IDEAS home Printed from https://ideas.repec.org/
MyIDEAS: Login to save this paper

Legal Centralization and the Birth of the Secular State

  • Johnson, Noel D
  • Koyama, Mark

This paper investigates the relationship between the historical process of legal centralization and increased religious toleration by the state. We develop a model in which legal centralization leads to the criminalization of the religious beliefs of a large proportion of the population. This process initially leads to increased persecution, but, because these persecutions are costly, it eventually causes the state to broaden the standards of orthodox belief and move toward religious toleration. We compare the results of the model with historical evidence drawn from two important cases in which religious diversity and state centralization collided in France: the Albigensian crusades of the thirteenth century and the rise of Protestant belief in the sixteenth century. Both instances sup- port our central claim that the secularization of western European state institutions during the early-modern period was driven by the costs of imposing a common set of legal standards on religiously diverse populations.

If you experience problems downloading a file, check if you have the proper application to view it first. In case of further problems read the IDEAS help page. Note that these files are not on the IDEAS site. Please be patient as the files may be large.

File URL: https://mpra.ub.uni-muenchen.de/40887/1/MPRA_paper_40887.pdf
File Function: original version
Download Restriction: no

Paper provided by University Library of Munich, Germany in its series MPRA Paper with number 40887.

as
in new window

Length:
Date of creation: 22 Aug 2012
Date of revision:
Handle: RePEc:pra:mprapa:40887
Contact details of provider: Postal:
Ludwigstraße 33, D-80539 Munich, Germany

Phone: +49-(0)89-2180-2459
Fax: +49-(0)89-2180-992459
Web page: https://mpra.ub.uni-muenchen.de

More information through EDIRC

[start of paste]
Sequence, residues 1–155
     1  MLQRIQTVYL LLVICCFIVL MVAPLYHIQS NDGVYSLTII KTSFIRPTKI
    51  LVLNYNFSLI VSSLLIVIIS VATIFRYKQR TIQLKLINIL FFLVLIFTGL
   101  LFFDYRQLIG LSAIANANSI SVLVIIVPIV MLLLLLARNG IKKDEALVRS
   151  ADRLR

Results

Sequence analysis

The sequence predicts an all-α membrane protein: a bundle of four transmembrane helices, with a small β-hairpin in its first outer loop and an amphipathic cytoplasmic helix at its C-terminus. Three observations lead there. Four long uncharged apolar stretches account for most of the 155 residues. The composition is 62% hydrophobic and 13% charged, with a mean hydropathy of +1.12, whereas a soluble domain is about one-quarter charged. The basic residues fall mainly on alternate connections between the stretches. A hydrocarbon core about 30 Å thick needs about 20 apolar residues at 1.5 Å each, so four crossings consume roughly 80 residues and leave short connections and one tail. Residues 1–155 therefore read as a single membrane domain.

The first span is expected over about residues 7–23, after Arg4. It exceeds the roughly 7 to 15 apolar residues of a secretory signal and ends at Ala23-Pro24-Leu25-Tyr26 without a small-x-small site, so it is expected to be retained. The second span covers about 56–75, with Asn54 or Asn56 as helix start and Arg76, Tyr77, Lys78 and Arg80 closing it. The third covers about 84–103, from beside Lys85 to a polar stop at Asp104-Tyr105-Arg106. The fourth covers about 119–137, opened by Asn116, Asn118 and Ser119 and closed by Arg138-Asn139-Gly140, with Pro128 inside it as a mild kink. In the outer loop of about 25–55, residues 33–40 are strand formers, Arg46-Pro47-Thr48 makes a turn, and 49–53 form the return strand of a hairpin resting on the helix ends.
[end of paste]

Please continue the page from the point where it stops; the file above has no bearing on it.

References listed on IDEAS
Please report citation or reference errors to , or , if you are the registered author of the cited work, log in to your RePEc Author Service profile, click on "citations" and make appropriate adjustments.:

as in new window
  1. Besley, Timothy J. & Persson, Torsten, 2009. "State Capacity, Conflict and Development," CEPR Discussion Papers 7336, C.E.P.R. Discussion Papers.
  2. Mario Ferrero, 2013. "The rise and demise of theocracy: theory and some evidence," Public Choice, Springer, vol. 156(3), pages 723-750, September.
  3. Robert B. Ekelund Jr. & Robert F. Hebert & Robert D. Tollison, 2008. "The Marketplace of Christianity," MIT Press Books, The MIT Press, edition 1, volume 1, number 0262550717.
  4. Alberto Alesina & Enrico Spolaore, 1997. "On the Number and Size of Nations," The Quarterly Journal of Economics, Oxford University Press, vol. 112(4), pages 1027-1056.
  5. Enrico Spolaore, 2009. "National Borders, Conflict and Peace," CESifo Working Paper Series 2860, CESifo Group Munich.
  6. Alberto Alesina & Eliana La Ferrara, 2001. "Preferences for Redistribution in the Land of Opportunities," NBER Working Papers 8267, National Bureau of Economic Research, Inc.
  7. Sascha O. Becker & Ludger Woessmann, 2009. "Was Weber Wrong? A Human Capital Theory of Protestant Economic History," The Quarterly Journal of Economics, Oxford University Press, vol. 124(2), pages 531-596.
  8. Noel D. Johnson & Mark Koyama, 2014. "Taxes, Lawyers, and the Decline of Witch Trials in France," Journal of Law and Economics, University of Chicago Press, vol. 57(1), pages 77 - 112.